There are various ways in which this relationship can move ahead. Critical of this would be to extend invitations to not just the assumed opposition leader Aung San Suu Kyi, but also to various ethnic parties which will have a stake in the future of the Burmese Union. The Thein Sein government has been under negotiations with various ethnic parties over a ceasefire agreement which is likely to have long term impact not just within Myanmar, but also along the border with Nagaland, and Manipur. It would be in India’s interest to indicate a willingness to work with recognized ethnic parties to settle border disputes. India also needs to formulate a strategic policy of including Bangladesh, Myanmar, Thailand, Malaysia and Indonesia to create a maritime and land route on the lines that China is proposing of the belt highway. India also needs to seriously plug the gaps in the many proposed and incomplete projects that it has with Myanmar. Cross-border trade, energy investments, river-networks, infrastructure developments have all been left unfinished and neglected by various governments. The projects needs to be completed and the last mile problems solved.
The NDA’s focus on diaspora engagement and using Indians settled abroad to build relationships should extend eastward too. Myanmar has a large group of politically neglected Indians who have struggled to establish themselves in the country and are at the receiving end of various policies that have enfeebled them. India needs to work on a policy that will ensure that these Indians settled in Myanmar can lead a life without their rights being violated in any form or measure.
The Thein Sein government has been astute in managing the transition from a military backed government to one that proclaims to be democratic. The opening up of the country to visiting journalists and diplomats, granting small slivers of civil liberties, allowing protests and opposition have been chalked up as achievements. On the other hand, there have also been commentators who have expressed doubts about the pace and nature of reforms taking place in the country. Suu Kyi herself, has encouraged US, UK and the rest to have a healthy skepticism about the transition.
Burmese news agencies have reported that a total of 83 parties have signed up to compete in the elections. These include ethnic parties like the Shan Nationalities Democratic Party, the Arakan National Party, the Mon democracy party and smaller ethnic coalition parties. The lack of a ceasefire deal means ethnic parties will be able to build on it to secure votes in return for greater control in deciding their fates. The waning popularity of Aung San Suu Kyi also means that the NLD cannot rest assured of a majority in the houses. The military remains an overarching figure, controlling veto power, and the ability to legally stage an overthrow of a government in case of instability. The voting system also ensures that even non elected members, including military personnel can be voted by a council of ministers to the presidency. Barring Aung San Suu Kyi who cannot become president under the current constitution, the three most likely candidates all come from military backgrounds. Both Thein Sein and Shwe Mann, who is the current speaker of the house have shown themselves to be open to a regimented democracy and have exhibited a degree of flexibility to accommodate reform movements. The current commander-in-chief of the armed forces Min Aung Hlaing will be retiring soon and is widely expected to be the third candidate.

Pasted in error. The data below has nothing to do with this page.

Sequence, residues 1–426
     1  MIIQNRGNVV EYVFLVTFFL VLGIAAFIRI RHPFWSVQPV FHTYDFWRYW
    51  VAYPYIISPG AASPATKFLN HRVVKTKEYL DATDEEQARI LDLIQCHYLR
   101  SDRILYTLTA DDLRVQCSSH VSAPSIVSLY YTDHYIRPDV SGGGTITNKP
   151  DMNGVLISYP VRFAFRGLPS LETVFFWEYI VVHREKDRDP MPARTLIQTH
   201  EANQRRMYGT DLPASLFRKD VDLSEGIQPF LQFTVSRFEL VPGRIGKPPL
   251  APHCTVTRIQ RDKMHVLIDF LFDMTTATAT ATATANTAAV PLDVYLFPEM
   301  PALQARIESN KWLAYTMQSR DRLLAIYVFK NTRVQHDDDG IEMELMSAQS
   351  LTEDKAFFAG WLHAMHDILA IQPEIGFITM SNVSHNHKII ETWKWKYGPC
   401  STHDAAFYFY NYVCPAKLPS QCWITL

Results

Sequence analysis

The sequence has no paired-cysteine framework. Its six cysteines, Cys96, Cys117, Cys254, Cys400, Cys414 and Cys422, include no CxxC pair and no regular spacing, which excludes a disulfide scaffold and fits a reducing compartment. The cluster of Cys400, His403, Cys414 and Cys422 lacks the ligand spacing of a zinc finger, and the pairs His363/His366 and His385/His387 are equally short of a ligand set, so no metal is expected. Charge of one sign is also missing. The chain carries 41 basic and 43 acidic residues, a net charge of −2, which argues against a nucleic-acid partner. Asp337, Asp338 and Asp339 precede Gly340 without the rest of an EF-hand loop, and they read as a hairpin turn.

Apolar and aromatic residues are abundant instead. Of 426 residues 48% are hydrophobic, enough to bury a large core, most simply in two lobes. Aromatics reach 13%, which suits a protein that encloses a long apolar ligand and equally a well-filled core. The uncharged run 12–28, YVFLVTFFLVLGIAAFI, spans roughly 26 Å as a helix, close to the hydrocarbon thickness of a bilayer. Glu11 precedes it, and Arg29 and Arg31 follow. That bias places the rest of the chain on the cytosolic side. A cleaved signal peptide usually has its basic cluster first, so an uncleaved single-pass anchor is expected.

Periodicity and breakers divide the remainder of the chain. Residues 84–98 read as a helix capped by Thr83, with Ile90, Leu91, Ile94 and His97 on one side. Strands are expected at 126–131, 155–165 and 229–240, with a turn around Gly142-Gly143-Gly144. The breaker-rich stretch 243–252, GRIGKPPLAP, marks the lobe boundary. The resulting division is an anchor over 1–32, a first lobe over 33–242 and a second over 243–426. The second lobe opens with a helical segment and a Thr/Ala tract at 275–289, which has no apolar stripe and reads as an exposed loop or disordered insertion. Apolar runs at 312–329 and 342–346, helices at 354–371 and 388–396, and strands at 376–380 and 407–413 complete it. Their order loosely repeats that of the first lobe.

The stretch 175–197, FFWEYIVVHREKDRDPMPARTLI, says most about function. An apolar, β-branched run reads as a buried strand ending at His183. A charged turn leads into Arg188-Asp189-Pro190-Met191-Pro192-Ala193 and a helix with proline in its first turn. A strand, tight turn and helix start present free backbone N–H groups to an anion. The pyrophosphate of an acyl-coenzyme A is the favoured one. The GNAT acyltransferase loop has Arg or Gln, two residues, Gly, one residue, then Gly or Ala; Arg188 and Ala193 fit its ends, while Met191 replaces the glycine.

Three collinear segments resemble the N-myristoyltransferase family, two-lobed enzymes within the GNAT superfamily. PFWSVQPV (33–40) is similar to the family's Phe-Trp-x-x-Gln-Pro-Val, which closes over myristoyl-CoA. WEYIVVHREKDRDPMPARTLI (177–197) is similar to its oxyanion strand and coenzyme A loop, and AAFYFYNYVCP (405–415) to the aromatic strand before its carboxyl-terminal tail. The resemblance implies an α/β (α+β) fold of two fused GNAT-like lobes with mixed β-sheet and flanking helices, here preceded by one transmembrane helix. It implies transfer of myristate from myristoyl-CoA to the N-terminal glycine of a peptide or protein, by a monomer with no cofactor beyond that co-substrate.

India has a real opportunity here to invest in a stronger, more strategically informed relationship with a neighbor with whom we share more than just a border. Any relationship requires adaptability, trust and an appreciation of what the other side requires from the relationship. How we use this moment to our advantage needs to be seen.